During our May 2012 vacation to the Colorado Rockies, my wife Pat and I made an overnight stopover in Fruita, Colorado, a town near Grand Junction on I-70. We had just completed a day in the awesome Colorado National Monument landscape and needed a rest.
Our motel was within walking distance of the Colorado Welcome Center, and any observer could not miss seeing a UH-1H Huey helicopter suspended in static display over a nearby landscaped granite walled plaza. I recognized the Huey from my days in the Vietnam War era Army, so I went to investigate.
The Western Slope Vietnam War Memorial Park is dedicated to the men and women who served in all branches of the armed forces during the Vietnam War circa 1959 to 1975. The granite wall that surrounds the helicopter pad is etched with the names of veterans who served during that era, and a Walk of Honor has bricks identifying the donors who made the memorial possible. Many flags fly at the site, and in 2007 three bronze statues of a mother and father welcoming home their son from Vietnam by sculptor Richard Arnold, himself a vet, were added.
The founding initiator of the memorial park is Jim Doody. Jim and his fellow vets began their efforts to construct the memorial in 2001. In the process, they secured the site, got the City of Fruita to undertake the maintenance and liability of the park, got the Associated Builders and Contractors of America to make the construction of the park their 2003 Community Project and contribute $400,000 in materials and labor, and secured other funds and support from across the region to make their purpose a reality. The ground breaking was in March 2002, and the dedication, attended by thousands, was on the 4th of July, 2003. Jim later served on the Grand Junction City Council and became its mayor.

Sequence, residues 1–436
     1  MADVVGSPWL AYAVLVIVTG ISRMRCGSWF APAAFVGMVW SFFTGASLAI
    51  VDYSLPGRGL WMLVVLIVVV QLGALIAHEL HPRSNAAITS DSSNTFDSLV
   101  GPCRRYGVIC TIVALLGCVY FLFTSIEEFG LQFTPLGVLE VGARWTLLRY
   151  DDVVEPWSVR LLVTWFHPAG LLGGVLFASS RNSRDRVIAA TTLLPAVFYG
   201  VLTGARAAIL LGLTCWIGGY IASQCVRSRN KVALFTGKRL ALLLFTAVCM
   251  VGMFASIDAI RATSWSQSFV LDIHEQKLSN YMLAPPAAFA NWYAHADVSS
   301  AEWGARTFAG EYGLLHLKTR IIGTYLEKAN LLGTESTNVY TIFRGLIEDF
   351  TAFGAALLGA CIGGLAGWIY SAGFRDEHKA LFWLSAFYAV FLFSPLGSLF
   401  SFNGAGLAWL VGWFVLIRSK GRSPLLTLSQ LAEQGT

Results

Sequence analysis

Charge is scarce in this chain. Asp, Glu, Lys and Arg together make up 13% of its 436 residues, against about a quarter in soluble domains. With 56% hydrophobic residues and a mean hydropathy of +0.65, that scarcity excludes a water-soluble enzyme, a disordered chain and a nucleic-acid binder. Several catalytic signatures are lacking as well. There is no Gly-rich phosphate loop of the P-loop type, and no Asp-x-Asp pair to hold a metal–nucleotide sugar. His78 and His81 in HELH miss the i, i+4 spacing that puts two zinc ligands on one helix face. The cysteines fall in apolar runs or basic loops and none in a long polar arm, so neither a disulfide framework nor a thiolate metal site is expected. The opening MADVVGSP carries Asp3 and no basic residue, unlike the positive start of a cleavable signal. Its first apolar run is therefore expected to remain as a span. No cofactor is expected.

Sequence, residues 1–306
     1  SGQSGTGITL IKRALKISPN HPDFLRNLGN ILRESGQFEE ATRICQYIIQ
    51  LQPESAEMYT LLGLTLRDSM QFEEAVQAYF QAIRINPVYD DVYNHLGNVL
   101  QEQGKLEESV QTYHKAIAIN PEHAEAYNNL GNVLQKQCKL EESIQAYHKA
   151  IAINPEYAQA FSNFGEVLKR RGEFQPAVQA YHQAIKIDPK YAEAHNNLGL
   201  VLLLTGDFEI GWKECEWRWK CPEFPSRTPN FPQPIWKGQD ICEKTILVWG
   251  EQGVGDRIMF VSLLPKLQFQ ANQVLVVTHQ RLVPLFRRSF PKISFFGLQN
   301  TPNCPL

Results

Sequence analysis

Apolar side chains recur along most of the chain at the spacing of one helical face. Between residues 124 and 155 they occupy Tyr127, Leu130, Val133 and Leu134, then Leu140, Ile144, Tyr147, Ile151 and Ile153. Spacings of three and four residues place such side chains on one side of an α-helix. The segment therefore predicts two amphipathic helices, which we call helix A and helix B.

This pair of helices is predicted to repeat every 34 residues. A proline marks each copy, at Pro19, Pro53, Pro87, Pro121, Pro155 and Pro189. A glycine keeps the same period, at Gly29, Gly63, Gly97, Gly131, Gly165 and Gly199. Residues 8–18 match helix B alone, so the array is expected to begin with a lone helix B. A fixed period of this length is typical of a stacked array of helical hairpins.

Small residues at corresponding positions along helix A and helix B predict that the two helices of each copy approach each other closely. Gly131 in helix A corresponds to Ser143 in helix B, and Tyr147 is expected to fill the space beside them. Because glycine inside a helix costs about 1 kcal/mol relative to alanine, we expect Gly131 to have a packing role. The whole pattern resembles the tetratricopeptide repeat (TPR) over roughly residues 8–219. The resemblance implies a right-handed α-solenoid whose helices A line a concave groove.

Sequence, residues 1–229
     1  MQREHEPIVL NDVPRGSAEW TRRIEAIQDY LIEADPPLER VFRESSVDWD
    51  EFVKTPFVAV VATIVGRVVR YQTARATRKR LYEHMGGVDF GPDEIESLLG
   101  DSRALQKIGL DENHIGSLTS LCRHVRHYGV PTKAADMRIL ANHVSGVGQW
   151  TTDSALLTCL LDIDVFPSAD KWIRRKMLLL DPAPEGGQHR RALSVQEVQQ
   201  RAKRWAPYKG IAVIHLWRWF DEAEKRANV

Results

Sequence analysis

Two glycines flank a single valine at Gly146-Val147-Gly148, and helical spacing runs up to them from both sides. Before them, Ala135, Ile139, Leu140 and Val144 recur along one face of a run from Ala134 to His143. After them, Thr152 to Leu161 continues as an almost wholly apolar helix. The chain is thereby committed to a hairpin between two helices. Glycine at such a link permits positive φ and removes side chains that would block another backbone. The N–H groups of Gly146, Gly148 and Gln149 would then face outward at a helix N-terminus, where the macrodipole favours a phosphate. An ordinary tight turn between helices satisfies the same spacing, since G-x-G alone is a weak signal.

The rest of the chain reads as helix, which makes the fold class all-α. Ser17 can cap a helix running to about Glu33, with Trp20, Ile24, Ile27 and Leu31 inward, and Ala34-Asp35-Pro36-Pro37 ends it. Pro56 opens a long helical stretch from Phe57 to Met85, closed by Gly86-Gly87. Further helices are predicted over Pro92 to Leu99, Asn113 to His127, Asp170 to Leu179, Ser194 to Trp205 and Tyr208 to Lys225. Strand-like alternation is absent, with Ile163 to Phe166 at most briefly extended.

For me, walking through the memorial park, there was a sobering reminder of the sacrifices that men and women of courage had made in honoring the call of their country to military service. Passing though airports on this trip, I saw young people in military uniforms that reminded me that I had worn the uniform and walked in the same harm’s way about 48 years earlier. My feeling was pride mixed with sadness.
On any given day, a visitor to The Western Slope Vietnam War Memorial Park, a Vietnam era vet, or a family member, will encounter others like themselves with stories to tell and comrades to remember. The lingering with compassionate strangers is comforting, and even healing, to a degree that remembering pain can be activated by a shared experience. When the stranger says, “I know what you mean,” or “I know how that feels,” the bell of truth rings clear in the desert mountain air.
Then there are sincere handshakes with direct eye contact and perhaps a parting raised-hand military salute to indicate both respect and honor. These are the untold legacies of the commitment by a single small community to remember the military service of its sons and daughters during a bitter time of a divided nation.